Wednesday, January 14, 2009

Capacitor Codes!

Learn something new every day, they say. I have been stumped by a largish Murata ceramic capacitor that does not seem to be working. It's from a Stax SRD 7 electrostatic headphone energizer, c. 1975. Its mate is a charred mess so I have not been able to test either.

Here is the legend on the cap: PTH BD 4R7M

It's apparent that this is a standard value 47 (something) but where is the decimal point and what is the voltage?

Transtronics' wiki comes to the rescue on capacitor codes.

The 'BD 4R7M' is evidently a military style code. The R substitutes for the decimal point. There is not a number following the R so there is no multiplier. So, it seems that this cap has a value of 4.7 pico farads, about as small as is measurable. The B indicates that a capacitance drift is not specified. The D is the voltage rating, 500 volts. The M indicates the cap has a temperature range of -55 to 70 °C .

UPDATE: a good question has been raised in the comments. The number 7 is evidently never used as a multiplier as indicated in Table 1. The multiplier format would be something like 474 which would indicate a value of 47 times a multiplier of 10,000, or 470,000 picofarads which is the equivalent of .47 microfarads. It seems to me that one would either have a R for a decimal point or a multiplier but not both at the same time. I guess neither would be necessary for a 10 picofarad cap which could be represented with just a 10, but that actually is a 10_ with the (blank) implying a multiplyer of 1. Whew.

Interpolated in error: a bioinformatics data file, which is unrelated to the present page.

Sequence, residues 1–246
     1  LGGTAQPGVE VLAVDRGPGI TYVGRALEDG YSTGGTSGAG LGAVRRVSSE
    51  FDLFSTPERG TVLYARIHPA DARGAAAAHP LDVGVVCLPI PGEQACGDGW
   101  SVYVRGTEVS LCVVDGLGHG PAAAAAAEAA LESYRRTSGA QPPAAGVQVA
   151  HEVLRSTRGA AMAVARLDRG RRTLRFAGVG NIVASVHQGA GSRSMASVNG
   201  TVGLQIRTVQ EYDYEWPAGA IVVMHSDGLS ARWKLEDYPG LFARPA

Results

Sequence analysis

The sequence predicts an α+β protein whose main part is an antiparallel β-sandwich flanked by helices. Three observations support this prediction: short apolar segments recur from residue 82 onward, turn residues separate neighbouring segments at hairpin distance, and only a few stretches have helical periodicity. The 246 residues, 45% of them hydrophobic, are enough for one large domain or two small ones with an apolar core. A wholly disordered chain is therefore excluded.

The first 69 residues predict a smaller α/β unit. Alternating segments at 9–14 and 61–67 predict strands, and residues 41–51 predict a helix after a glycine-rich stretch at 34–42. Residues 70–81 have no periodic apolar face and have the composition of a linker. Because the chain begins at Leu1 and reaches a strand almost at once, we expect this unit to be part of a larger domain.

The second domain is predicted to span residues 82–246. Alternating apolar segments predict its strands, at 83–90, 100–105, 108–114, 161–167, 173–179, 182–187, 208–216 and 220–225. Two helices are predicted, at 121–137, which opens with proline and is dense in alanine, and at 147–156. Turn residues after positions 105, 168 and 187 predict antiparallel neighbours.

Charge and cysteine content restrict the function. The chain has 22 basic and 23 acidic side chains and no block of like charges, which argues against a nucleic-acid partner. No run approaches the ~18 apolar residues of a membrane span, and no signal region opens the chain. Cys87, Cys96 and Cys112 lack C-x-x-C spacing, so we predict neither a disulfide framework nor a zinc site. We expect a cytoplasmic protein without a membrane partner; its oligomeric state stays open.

Despite its rather significant size this is a pretty low spec cap.

Now, what about the 'PTH'? A bit of googling reveals that 'PTH' is a registered trademark of Murata and indicates the cap is actually a PTC Thermistor... What???

A thermistor is not a cap, it is a sort of current limiter whose resistance varies with temperature. PTC stands for 'positive temperature coefficient' which means the resistance goes up as the temperature goes up. But the codes on the item conformed to a capacitor!

So, it appears that today I have learned that I am confused. I wonder if in 1975 the PTH was used as a different indicator for Murata and it is indeed a 4.7 pico farad capacitor, or perhaps those codes do double duty and are used as indicators for the various qualities of a thermistor. The charred condition of the second 'cap' might indicate it is actually a thermistor that gave its life to protect the SRD 7. Hmmm.

Back to the Transtronics wiki page on resistor codes...

If a thermistor is coded like a resistor it would seem that this device has been coded via the BS 1852(British Standard 1852) and has a resistance of 4.7 ohms with a tolerance of 20% (M). The 'B' and the 'D' are not addressed. Therefore I would guess that it is not a coincidence that the device in question does, in fact, measure a resistance of 5 ohms.

Obviously, more research is needed.


Anonymous said...

Hi Nat, Thanks for all the good articles! A small point, the logic of "There is not a number following the R so there is no multiplier" escapes me as it looks like a "7" follows the "R". Splain to me Amigo ;-)

Nat said...

Good point! Check the update.